29. 29. Introduction Errata Every effort is made to ensure that there are no errors in the text or in the code. However, no one is per- fect and mistakes do occur. If you find an error in one of our books, like a spelling mistake or a faulty piece of code, we would be very grateful for your feedback. By sending in errata you may save another reader hours of frustration; at the same time, you are helping us provide higher quality information. To find the errata page for this book, go to www.wrox.com, and locate the title using the Search box or one of the title lists. Then, on the Book Search Results page, click the Errata link in the About This Book bar. On this page, you can view all errata that has been submitted for this book and posted by Wrox edi- tors. If you don’t spot “your” error on the book’s Errata page, click the Errata Form link and complete the form there to send us the error you have found. We’ll check the information and, if appropriate, post a message to the book’s errata page and fix the problem in subsequent editions of the book. xxix
  30. 30. 1 Getting Star ted with Macromedia Flash Flash is a term used to refer to both the vector-based animation format (Flash movies) as well as the authoring tool that is commonly used to create the aforementioned content. Flash Player is the program that is capable of playing back Flash content. ActionScript is the scripting language that is encoded into Flash content and interpreted by Flash Player when that content is played back. You can use the Flash authoring tool to add ActionScript code to Flash content. As such, it’s particularly useful to learn how to use the Flash authoring tool for that purpose as a first step when learning about ActionScript. In this chapter you learn about how to work with the Flash authoring tool for the purposes of writing ActionScript. Introducing the Development Environment Flash utilizes a panel system to organize specific functionalities available within the program. The panels can be docked and undocked as well as moved outside of the application area. This enables you to efficiently use and customize your working environment. You can find panels and layout options in the Window menu in the main navigation. Many of the descriptions in this chapter assume that you are working with the default panel layout. For example, when a panel is described as appearing in the upper left of the workspace, it means that the panel appears in that location in the default layout. You can open the default layout by selecting Window➪Workspace Layout➪Default. By default, Flash 8 opens to a start page (see Figure 1-1) that enables you to launch projects quickly. You can specify whether Flash should display the start page. If you click the Don’t Show Again checkbox at the bottom of the start page, it will not display by default. You can always edit the start page preferences from the Preferences dialog (Edit➪Preferences) by selecting the appropriate option from the On launch menu.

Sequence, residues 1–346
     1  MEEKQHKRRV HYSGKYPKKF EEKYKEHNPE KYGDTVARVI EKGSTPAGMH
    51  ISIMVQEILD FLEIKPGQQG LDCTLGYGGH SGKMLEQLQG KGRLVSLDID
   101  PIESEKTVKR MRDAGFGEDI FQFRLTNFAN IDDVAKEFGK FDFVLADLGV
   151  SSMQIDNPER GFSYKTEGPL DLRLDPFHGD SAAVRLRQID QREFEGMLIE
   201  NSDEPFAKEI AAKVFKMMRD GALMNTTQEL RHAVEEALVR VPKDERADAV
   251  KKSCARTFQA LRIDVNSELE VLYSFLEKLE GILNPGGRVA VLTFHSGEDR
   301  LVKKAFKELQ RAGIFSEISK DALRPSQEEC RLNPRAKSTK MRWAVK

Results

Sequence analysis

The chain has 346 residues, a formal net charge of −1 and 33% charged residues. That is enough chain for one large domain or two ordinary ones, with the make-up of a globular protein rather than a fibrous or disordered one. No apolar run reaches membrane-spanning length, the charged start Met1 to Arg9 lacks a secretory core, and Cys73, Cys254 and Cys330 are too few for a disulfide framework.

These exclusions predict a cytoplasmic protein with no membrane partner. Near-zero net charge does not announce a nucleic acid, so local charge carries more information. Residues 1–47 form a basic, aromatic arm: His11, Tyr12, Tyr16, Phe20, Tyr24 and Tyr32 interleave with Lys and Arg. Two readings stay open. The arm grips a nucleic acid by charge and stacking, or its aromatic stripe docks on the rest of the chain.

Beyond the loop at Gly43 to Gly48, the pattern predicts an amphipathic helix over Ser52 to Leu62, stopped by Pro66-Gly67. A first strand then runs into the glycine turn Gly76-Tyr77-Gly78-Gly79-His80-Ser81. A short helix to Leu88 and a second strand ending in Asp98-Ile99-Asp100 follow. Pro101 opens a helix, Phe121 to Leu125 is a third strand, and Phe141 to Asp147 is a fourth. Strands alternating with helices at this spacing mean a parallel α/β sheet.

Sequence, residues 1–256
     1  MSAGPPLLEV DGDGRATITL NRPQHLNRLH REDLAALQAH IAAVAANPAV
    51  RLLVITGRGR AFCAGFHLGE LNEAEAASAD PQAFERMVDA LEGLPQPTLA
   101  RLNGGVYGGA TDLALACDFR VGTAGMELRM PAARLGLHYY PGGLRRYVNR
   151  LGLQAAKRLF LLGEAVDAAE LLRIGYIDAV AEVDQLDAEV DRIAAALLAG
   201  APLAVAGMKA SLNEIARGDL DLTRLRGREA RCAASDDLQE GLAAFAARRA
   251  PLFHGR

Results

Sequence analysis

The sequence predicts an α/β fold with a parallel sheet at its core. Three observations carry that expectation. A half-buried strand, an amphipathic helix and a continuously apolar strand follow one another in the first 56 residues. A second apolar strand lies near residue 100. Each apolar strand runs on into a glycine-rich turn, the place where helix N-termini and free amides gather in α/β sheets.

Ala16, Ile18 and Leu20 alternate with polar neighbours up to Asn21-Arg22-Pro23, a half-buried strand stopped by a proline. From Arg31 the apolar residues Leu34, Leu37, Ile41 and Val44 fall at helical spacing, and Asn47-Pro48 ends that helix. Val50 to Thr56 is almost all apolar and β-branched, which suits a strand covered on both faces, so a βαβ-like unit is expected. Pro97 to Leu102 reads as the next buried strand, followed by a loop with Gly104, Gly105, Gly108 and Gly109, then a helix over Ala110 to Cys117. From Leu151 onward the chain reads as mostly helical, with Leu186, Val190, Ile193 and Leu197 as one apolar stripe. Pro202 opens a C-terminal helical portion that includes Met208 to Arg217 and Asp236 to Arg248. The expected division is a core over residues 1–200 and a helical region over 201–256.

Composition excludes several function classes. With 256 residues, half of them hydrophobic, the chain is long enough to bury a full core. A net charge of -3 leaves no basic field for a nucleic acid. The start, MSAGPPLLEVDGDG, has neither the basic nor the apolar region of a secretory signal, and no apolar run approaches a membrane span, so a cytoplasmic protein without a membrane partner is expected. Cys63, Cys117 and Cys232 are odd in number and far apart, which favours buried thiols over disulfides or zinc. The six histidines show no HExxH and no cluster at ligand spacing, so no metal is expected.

31. 31. Chapter 1 Figure 1-1 The following sections briefly explore other features of the Flash authoring program, which is frequently called the Flash IDE (Integrated Development Environment). Tools Panel On the left of the IDE is the Tools panel (see Figure 1-2), which contains the drawing tools that enable you to add vector content and edit existing vector content. This is where you select drawing tools, set tool attributes, and specify drawing tool options. The drawing tool attributes are expanded in the Properties panel, which is often called the Property inspector. This panel can be found at the bottom of the IDE. If you cannot see it, select Window➪Properties➪Properties. Properties Panel The Properties panel (also shown in Figure 1-2) presents the options for the item in focus on the stage or the selected tool. It is clearly contextual in that it changes depending on what object is selected (or if no objects are selected) or what tool is selected. For example, if you have nothing selected on the stage and choose the Selection tool, the Properties panel enables you to adjust document-wide settings such as stage dimensions and frame rate. However, if you select the Line tool, you’ll see that the Properties panel enables you to adjust the settings for the Line tool such as line thickness and style. If you use the Selection tool to select a line on the stage, you are presented with the same set of options as when using the Line tool. But when you change the properties for a selected line, the line immediately reflects those changes. 2